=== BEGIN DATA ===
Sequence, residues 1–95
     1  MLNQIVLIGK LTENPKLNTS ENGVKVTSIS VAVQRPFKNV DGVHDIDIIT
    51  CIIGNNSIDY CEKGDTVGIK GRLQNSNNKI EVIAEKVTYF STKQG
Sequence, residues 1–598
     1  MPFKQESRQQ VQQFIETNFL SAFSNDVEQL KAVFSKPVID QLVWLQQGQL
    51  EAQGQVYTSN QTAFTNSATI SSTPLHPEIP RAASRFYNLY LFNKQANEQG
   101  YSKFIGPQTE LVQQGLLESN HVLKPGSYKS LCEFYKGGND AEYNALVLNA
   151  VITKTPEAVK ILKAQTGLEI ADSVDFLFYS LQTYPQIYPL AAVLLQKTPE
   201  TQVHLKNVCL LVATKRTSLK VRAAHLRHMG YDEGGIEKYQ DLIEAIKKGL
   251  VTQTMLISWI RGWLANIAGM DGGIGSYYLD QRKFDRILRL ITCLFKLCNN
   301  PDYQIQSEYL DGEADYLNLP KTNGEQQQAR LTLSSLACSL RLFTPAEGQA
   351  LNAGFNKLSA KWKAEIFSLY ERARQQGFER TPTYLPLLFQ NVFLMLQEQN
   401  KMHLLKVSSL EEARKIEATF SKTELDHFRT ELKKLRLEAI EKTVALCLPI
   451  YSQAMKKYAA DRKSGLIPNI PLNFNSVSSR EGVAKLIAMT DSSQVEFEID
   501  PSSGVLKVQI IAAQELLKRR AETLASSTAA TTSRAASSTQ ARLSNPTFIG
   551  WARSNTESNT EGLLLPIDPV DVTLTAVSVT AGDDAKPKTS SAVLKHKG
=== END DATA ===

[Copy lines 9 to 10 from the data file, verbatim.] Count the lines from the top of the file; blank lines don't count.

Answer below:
   201  TQVHLKNVCL LVATKRTSLK VRAAHLRHMG YDEGGIEKYQ DLIEAIKKGL
   251  VTQTMLISWI RGWLANIAGM DGGIGSYYLD QRKFDRILRL ITCLFKLCNN